Noam Chomsky was born in Philadelphia, Pennsylvania, on December 7, 1928. He studied linguistics, mathematics and philosophy at the University of Pennsylvania. In 1955, he received his Ph.D. from the University of Pennsylvania and began teaching at the Massachusetts Institute of Technology, where he is Institute Professor Emeritus in the Department of Linguistics and Philosophy.During the years 1951 to 1955, Chomsky was a Junior Fellow of the Harvard University Society of Fellows. While a Junior Fellow he completed his doctoral dissertation entitled, "Transformational Analysis." The major theoretical viewpoints of the dissertation appeared in the monograph Syntactic Structure, which was published in 1957 and is widely credited with having revolutionized the field of modern linguistics. This formed part of a more extensive work, The Logical Structure of Linguistic Theory, circulated in mimeograph in 1955. Most of a 1956 version was published in 1975.In 1961, Chomsky was appointed full professor in the Department of Modern Languages and Linguistics (now the Department of Linguistics and Philosophy) at MIT. From 1966 to 1976 he held the Ferrari P. Ward Professorship of Modern Languages and Linguistics. In 1976 he was appointed Institute Professor, a position he held until 2002.Chomsky is the author of numerous influential political works, including Failed States (Metropolitan Books), Hegemony or Survival: America's Quest for Global Dominance (Metropolitan Books), 9/11 (Open Media Series/ Seven Stories Press), Manufacturing Consent: The Political Economy of the Mass Media with Ed Herman (Pantheon), Necessary Illusions (South End Press), Understanding Power (New Press), Interventions (Open Media Series/ City Lights), Hopes and Prospects (Haymarket) and many other titles.In 1988, Chomsky received the Kyoto Prize in Basic Science, given to honor those who have contributed significantly to the scientific, cultural and spiritual development of mankind. The prize noted that Dr. Chomsky's theoretical system remains an outstanding monument of 20th century science and thought. He can certainly be said to be one of the great academicians and scientists of this century.

Praise For…


"The key issue facing indigenous peoples as they gain new rights and raise their profile within Latin America's newly democratic states is how to reconcile the cultural inheritance that makes them indigenous with forces that aim to tether them to national identities or unleash upon them the corrosive acculturation implied by globalization. . . . This collection of commentaries - framed by the wisdom of Noam Chomsky - offers an excellent point of departure for the student interested in addressing such questions. With a significant focus on education, the writers address the thorny yet timeless issue of how to reconcile the ancient with the modern. . . . If there is one theme that emerges, it is of the potential for inter-communal co-operation and the concrete benefits diversity can bring to Latin American social life." --Gavin O'Toole, The Latin American Review of Books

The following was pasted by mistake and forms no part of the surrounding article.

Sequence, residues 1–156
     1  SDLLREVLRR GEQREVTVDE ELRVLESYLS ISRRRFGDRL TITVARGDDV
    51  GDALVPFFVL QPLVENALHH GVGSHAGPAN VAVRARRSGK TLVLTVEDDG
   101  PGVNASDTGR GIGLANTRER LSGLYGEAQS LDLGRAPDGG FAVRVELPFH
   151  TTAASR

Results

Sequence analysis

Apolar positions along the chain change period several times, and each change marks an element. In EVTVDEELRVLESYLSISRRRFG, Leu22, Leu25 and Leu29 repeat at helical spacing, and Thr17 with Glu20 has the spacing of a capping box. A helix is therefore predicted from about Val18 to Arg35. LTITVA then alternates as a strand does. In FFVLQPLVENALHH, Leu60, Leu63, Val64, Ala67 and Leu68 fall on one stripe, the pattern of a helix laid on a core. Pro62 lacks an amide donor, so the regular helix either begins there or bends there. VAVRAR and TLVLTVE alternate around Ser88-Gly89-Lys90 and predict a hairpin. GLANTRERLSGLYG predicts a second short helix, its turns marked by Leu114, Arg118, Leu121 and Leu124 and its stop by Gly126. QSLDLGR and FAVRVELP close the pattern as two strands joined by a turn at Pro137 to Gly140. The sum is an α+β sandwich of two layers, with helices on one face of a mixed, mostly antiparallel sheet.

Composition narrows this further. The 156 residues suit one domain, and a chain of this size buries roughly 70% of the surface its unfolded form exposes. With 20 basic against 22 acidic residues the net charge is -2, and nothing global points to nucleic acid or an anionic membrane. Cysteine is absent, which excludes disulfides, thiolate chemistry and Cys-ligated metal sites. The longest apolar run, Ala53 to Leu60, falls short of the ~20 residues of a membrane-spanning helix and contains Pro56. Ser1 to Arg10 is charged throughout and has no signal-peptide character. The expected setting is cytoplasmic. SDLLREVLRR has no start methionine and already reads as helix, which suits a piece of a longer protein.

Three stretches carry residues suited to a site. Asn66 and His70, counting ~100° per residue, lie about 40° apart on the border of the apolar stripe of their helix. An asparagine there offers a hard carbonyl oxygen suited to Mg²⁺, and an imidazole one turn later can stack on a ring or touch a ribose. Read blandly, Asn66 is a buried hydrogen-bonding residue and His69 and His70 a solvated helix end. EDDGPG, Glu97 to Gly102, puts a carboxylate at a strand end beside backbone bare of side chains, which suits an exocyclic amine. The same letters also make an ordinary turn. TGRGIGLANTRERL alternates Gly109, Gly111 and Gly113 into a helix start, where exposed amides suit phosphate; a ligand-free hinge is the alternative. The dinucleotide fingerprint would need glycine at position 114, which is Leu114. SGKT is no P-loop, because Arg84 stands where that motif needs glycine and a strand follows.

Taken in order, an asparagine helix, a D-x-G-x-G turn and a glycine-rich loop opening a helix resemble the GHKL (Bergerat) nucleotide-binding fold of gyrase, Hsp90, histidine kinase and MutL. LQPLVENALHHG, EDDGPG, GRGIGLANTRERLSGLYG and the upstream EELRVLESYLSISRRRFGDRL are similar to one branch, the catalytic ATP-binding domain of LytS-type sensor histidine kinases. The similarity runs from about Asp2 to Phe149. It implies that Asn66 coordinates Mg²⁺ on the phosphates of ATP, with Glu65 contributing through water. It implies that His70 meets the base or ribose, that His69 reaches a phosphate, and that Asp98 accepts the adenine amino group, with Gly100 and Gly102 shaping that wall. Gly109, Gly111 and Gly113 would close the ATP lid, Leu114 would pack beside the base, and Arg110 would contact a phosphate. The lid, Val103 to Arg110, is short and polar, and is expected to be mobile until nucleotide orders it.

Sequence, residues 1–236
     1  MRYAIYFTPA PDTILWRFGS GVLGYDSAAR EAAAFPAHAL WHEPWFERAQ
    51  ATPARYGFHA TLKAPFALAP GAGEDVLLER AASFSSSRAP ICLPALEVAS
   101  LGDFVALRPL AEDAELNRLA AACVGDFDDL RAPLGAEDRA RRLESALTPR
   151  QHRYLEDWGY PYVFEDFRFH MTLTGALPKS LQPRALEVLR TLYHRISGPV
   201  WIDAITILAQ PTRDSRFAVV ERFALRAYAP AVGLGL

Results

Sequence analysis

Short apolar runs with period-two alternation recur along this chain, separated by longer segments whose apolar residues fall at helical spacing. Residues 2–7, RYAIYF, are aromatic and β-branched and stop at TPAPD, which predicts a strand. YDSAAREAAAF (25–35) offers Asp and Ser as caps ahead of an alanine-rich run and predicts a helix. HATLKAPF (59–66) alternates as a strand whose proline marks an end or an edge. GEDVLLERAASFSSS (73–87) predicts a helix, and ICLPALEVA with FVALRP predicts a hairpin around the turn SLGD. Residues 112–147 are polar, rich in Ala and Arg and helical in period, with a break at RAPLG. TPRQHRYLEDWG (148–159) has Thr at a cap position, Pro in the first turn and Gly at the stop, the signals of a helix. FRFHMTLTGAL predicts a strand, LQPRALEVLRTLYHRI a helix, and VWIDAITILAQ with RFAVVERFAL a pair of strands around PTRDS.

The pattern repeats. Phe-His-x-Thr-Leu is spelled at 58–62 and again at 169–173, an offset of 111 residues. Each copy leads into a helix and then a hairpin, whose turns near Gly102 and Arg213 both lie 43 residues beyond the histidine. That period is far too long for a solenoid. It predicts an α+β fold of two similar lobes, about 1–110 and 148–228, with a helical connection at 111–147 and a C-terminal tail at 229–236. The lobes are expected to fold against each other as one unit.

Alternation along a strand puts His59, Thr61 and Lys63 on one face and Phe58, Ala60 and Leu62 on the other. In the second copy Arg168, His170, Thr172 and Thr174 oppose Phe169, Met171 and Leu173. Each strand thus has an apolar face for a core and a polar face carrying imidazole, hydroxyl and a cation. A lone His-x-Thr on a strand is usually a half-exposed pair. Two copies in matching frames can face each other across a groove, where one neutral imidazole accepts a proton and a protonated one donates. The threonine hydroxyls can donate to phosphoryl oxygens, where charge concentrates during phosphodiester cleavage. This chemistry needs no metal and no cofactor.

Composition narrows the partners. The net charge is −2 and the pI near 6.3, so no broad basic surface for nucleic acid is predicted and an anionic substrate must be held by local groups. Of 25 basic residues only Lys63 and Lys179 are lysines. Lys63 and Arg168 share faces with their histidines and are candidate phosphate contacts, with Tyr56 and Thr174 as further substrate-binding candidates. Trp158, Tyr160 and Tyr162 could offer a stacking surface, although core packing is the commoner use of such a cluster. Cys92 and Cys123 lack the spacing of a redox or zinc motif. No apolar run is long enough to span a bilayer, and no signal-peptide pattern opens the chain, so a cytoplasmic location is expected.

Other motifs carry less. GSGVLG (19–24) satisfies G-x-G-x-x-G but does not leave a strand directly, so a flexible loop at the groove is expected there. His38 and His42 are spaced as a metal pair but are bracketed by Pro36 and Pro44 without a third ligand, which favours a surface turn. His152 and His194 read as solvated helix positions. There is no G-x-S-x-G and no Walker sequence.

"An exhaustive, thought-provoking presentation of timely arguments that will be of interest to readers and students interested in how indigenous communities can continue to survive in sync with the outside world without being smothered by it."-Deborah Donovan --Booklist

"Two direct interviews with Chomsky enhance this articulate examination of challenges facing indigenous peoples today, including a positive viewpoint of means by which indigenous cultures can resist total assimilation, endure and spread hope. Highly recommended." --The Midwest Book Review

"[New World of Indigenous Resistance] bills itself as a virtual hemispheric' conversation" and claims to be the first book of its kind. It is certainly an eye-opener. . . .a book that could change the way its readers think about education forever." --Green Left

"This book is unique, thought-provoking and inspiring. The voices included in this edited collection, most of them unheard in mainstream Western academia, not only denounce the crimes committed against Indigenous peoples, but also reflect decades of Indigenous struggle, resistance, hope and commitment. . . . This book speaks to students, teachers, administrators and researchers from different disciplines and invites them to work together and follow the exemplary struggles of Indigenous peoples in different parts of America." --Teachers College Record

"For those interested in Chomsky, a very intriguing book was published last year in which a group of indigenous people from around Latin America invited Chomsky to be part of 'hemispheric conversation between equals.' Two interviews with Chomsky were used as the starting point for a wide array of responses from 'renowned activists, educators and scholars from the indigenous Americas,' discussing issues of concern to the original people of the Americas." - Peace News



Product Details
ISBN: 9780872865334
ISBN-10: 0872865339
Publisher: City Lights Books
Publication Date: May 1st, 2010
Pages: 300
Language: English
Series: City Lights Open Media